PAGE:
Linen or flax is the fiber obtained from the layer of bast cells just inside the outer bark of the plant Linum usitatissimum, or flax. The fiber is firmly attached to the woody tissue in which it lies, and it is necessary to break off the outer bark and to destroy the woody tissue in order to obtain it pure.
Although flax is more difficult to obtain from the plant than cotton, once separated from the stem the fibers are much more easily spun by hand methods, and it was probably the first vegetable fiber used for spinning. Just when or where linen was first used we cannot tell, but historians seem to agree that Egypt probably first discovered the value of this material. Flax is indigenous to the Nile Valley, and the earliest picture writings of Egypt show the linen industry in quite a high state of development. The Bible (Genesis 41: 42) tells us that Pharaoh arrayed Joseph in vestures of fine linen, and more than once mentions flax in Egypt. This was about 1715 B.C. These references are to "fine linen," which shows that the industry must have been carried on for a long time, since coarse linens would be the first produced.
Mummy cloths, four thousand years old, show linen quite fine in quality. Probably very little clothing of any other material was used in Egypt until after the Christian era. For hundreds of years the Phoenicians carried linen cloth from the Nile valley to all parts of the ancient western country. It was frequently taken to Tyre to be dyed and then traded. Purple and fine linen were" symbols of royalty in the time of Solomon, and, because of its cleanliness, linen was and still is used in connection with all religious rites.
From Egypt linen culture spread to Babylon, to Greece, and to Rome. Great encouragement was given to it in Italy, and guilds were later formed to regulate and protect the linen trade. The Moors kept up the industry in Spain, and from the seventh century France and Germany were producing their own flax. Great Britain and Ireland may have borrowed the industry from the Romans. All over Europe during the Middle Ages, and until the invention of power spinning, linen was used almost entirely where we use cotton today. Although, since the industrial revolution, cotton has re-placed linen for many purposes, because of the strength, luster, smoothness, snowy whiteness, and characteristic leathery texture of linen, cotton can never be as valuable, or replace it for table service and many other uses.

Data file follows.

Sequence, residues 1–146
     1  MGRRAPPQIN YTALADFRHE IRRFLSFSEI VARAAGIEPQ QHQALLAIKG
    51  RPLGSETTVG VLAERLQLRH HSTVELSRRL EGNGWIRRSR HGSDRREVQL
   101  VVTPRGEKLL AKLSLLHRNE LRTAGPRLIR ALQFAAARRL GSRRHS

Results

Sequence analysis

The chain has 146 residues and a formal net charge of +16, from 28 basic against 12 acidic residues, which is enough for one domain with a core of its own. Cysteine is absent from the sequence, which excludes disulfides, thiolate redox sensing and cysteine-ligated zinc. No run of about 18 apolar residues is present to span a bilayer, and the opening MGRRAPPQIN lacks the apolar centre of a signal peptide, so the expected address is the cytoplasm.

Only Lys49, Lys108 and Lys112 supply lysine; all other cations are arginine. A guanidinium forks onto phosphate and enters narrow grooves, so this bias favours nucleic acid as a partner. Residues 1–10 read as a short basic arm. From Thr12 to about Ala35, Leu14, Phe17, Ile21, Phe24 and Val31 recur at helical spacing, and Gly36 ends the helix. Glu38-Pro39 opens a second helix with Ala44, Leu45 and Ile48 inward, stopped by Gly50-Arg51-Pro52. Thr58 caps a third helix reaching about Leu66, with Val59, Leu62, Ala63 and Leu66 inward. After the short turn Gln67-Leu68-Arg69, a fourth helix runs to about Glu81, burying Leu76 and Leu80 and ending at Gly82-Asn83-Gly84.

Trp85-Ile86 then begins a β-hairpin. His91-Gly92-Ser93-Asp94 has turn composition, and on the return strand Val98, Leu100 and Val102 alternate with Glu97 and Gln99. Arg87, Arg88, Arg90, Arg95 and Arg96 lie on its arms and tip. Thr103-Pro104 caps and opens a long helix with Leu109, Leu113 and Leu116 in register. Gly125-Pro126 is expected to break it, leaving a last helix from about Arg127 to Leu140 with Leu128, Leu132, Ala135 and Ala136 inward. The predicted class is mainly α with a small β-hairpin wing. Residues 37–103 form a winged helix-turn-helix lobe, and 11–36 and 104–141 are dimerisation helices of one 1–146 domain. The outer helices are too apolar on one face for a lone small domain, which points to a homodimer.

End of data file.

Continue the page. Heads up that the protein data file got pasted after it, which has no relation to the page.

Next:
At the present time the linen industry flourishes, although it is not to be compared with the cotton industry. Large amounts of flax are grown in Ireland, Belgium, Holland, Germany, Russia, France, and in parts of the United States and Canada.
Good flax fiber, when separated from the stalk, should be from twelve to twenty inches in length, and will vary greatly in fineness. It is very strong, but has little elasticity. Under the microscope the fiber appears straight, with longitudinal markings and, at intervals, cross markings or nodes which look almost like breaks in the fiber, and which assist somewhat in spinning, since they tend to hold the fibers together. In cross section the fiber is polygonal and has a small central canal. The fiber is composed of cells consisting of almost pure cellulose, held together by a vegetable gum or pectin, which also gives it color. This structure makes it very different from cotton, which is a single cell. The color varies from yellowish-white to brown and from pearl to steel gray, the best quality of flax being pale yellowish-white. The variation in color is due quite largely to differences in the processes of retting.
Luster is one of the most prized assets of linen and is retained as long as the fiber lasts. It may be affected by retting, as may the strength of the fiber. Linen does not absorb a great amount of water into the fiber, 6 to 8 per cent being an average amount, although it may reach 20 per cent; neither has it a great affinity for dyestuffs or metallic salts. A certain amount of vegetable oil is present and aids in the spinning processes. Probably the failure of some chemical methods of retting is due to the fact that too much oil has been removed from the fiber. Bleaching removes this oil and also some of the vegetable waxes and gums present; therefore unbleached linen is usually stronger than bleached.
Again, because of this combination of cells, linen may not be bleached rapidly, as cotton is, by the action of hot alkalies. The fiber is disintegrated by these. Acids do not act so rapidly on linen as on cotton, since the gums protect the cellulose and make the action slower.
The affinity for dyestuffs is not so great in linen as in cotton, again probably due to the resins uniting the cells of the fiber. Otherwise, being almost pure cellulose, it is chemically similar to cotton, especially after being bleached.
Linen is a better conductor of heat than cotton; therefore it feels cool to the touch.